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EDITORIAL: Suffering Servants

In 2023, the plight of Catholic priests and religious individuals faced an alarming escalation of arrests, kidnappings, and murders, according to a report by Aid to the Church in Need. The report sheds light on the grim reality faced by those who dedicate their lives to serving communities worldwide.

The surge in authoritarian government arrests, particularly in Nicaragua under President Daniel Ortega’s regime, stands out as a disturbing trend. The crackdown on political dissent has resulted in the arrest of 46 clergy members, including two bishops and four seminarians. The expulsion of religious sisters and closure of Catholic institutions underscore a blatant disregard for religious freedom.

China, another focal point in the report, reveals a challenging landscape, with 20 Catholic clergy members reportedly under arrest during the year. The difficulty in confirming these numbers emphasizes the challenges faced by persecuted individuals, some of whom remain unaccounted for over extended periods.

India witnessed five Catholic clergy and one woman religious arrested in 2023, primarily due to anti-conversion laws hindering the Church’s work. While released, the looming threat of charges and potential prison time remains a cause for concern.

The report also highlights arrests in Belarus and the kidnapping of clergy in Nigeria, where religious and ethnic conflicts continue to pose significant dangers. Although the total number of kidnappings decreased, the situation remains dire, especially in regions like Nigeria.

Murders of Catholic priests slightly decreased in 2023, with 14 reported cases, of which seven were directly linked to persecution. Nigeria bore the brunt of these atrocities, with attacks resulting in the tragic deaths of Father Isaac Achi, Na’aman Danlami, and Godwin Eze.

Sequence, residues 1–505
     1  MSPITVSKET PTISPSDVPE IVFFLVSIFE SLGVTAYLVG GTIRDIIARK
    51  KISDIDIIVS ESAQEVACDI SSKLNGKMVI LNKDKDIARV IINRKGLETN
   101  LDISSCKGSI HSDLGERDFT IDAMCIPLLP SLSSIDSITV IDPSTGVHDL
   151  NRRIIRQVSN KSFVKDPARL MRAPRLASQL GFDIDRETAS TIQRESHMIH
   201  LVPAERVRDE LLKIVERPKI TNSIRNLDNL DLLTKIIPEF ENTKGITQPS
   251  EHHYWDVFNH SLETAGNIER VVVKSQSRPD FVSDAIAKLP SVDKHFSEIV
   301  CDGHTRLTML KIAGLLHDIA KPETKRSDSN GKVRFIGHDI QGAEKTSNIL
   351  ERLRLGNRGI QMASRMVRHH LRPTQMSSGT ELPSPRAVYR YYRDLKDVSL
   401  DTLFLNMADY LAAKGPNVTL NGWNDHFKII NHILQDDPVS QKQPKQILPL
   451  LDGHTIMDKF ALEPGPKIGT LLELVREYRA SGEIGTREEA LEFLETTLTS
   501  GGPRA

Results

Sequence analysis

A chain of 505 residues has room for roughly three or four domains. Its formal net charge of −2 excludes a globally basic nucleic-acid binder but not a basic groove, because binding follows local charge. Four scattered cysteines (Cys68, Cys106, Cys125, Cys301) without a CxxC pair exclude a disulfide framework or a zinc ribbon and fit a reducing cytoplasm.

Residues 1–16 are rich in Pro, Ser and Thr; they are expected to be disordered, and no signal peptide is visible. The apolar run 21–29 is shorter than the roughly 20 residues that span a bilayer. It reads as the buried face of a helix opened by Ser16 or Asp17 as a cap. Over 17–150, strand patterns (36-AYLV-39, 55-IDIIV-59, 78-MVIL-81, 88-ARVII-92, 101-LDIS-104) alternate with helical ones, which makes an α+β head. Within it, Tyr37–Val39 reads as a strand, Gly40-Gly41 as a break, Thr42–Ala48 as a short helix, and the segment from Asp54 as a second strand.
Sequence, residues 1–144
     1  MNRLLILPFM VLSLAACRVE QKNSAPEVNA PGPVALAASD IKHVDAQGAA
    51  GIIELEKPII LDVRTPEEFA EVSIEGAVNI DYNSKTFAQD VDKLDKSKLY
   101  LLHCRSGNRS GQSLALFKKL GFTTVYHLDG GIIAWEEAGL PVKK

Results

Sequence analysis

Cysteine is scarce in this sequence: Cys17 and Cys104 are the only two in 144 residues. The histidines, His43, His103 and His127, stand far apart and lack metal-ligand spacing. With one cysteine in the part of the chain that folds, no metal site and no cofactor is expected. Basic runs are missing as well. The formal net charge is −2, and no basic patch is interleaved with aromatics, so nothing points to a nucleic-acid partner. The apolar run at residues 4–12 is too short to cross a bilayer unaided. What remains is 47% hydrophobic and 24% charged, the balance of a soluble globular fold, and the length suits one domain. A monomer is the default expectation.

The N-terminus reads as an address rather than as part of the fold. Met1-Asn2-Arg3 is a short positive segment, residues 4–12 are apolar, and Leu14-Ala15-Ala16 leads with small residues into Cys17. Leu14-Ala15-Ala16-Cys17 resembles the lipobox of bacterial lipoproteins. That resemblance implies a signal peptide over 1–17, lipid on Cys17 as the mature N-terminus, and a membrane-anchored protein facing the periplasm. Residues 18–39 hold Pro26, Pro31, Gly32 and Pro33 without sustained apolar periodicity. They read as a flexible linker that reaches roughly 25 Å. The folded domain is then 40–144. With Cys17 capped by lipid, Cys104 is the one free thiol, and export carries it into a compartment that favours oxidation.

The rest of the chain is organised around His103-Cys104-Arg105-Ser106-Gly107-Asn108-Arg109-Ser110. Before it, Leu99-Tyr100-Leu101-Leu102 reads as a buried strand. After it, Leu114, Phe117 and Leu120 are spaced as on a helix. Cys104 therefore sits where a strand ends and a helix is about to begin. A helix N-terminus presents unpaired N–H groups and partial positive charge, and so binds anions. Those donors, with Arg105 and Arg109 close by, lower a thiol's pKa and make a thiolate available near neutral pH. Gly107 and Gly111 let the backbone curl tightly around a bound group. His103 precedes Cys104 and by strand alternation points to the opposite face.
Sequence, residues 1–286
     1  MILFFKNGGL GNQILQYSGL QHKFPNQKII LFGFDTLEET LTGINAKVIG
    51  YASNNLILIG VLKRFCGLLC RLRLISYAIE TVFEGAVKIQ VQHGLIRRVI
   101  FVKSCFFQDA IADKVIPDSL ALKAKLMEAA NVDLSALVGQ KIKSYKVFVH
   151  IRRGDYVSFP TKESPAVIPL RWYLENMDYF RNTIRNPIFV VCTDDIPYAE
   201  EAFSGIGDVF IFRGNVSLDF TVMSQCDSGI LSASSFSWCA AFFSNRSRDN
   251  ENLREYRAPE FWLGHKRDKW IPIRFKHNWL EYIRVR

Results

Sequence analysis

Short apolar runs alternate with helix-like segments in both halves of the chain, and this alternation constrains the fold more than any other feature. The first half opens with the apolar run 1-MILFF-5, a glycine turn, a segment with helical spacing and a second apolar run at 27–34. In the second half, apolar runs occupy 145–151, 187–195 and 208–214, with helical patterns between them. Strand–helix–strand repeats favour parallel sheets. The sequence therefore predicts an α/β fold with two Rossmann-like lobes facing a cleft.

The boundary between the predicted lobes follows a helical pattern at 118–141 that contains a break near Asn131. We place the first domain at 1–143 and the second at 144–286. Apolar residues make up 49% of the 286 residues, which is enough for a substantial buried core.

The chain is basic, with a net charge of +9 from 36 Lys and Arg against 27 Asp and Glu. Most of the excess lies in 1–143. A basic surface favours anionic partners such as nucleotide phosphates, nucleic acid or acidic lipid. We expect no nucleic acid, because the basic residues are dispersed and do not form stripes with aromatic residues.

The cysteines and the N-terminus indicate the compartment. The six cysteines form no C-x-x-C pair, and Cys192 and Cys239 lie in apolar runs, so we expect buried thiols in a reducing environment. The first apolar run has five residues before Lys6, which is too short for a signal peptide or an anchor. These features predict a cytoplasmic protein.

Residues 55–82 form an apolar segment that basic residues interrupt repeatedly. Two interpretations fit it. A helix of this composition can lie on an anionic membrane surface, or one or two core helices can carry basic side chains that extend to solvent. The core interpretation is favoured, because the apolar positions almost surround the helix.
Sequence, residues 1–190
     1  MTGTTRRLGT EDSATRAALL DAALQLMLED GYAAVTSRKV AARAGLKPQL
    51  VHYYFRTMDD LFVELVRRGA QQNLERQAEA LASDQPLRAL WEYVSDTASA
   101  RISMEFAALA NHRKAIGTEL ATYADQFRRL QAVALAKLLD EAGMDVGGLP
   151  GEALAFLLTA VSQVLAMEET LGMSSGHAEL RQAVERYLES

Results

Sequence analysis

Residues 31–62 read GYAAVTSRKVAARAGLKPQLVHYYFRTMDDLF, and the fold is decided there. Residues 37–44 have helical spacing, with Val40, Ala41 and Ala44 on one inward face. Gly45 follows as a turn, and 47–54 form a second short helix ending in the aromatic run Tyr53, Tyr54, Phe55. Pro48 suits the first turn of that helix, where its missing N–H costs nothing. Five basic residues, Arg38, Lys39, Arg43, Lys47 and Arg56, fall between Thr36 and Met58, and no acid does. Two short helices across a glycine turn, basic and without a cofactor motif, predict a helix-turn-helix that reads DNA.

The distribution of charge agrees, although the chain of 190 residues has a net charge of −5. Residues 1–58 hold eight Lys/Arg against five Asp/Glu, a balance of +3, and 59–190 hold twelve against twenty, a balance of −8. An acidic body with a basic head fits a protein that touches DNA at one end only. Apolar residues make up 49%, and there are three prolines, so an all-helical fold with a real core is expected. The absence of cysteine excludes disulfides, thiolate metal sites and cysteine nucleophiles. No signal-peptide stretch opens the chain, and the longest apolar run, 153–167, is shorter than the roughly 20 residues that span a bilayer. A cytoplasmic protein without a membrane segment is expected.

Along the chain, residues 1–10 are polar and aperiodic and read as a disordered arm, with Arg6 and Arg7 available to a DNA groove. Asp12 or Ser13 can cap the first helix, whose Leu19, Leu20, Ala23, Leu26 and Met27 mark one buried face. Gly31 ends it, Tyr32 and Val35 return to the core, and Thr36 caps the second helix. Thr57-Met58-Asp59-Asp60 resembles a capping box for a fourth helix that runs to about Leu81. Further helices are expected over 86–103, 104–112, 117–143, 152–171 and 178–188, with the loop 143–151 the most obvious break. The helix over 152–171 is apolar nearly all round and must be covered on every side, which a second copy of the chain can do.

The global community must not turn a blind eye to these injustices. The report underscores the heavy toll paid by clergy and religious individuals who champion the common good, human rights, and religious freedom. It is imperative that nations and international organizations unite to condemn these acts and pressure offending governments to respect basic human rights.

As we reflect on these sobering findings, it is crucial for individuals, communities, and leaders worldwide to stand in solidarity with those facing persecution. The time has come for concerted efforts to protect the fundamental rights of all individuals, regardless of their religious beliefs, and to ensure that the shadows of persecution do not cast a darker pall over our shared humanity.

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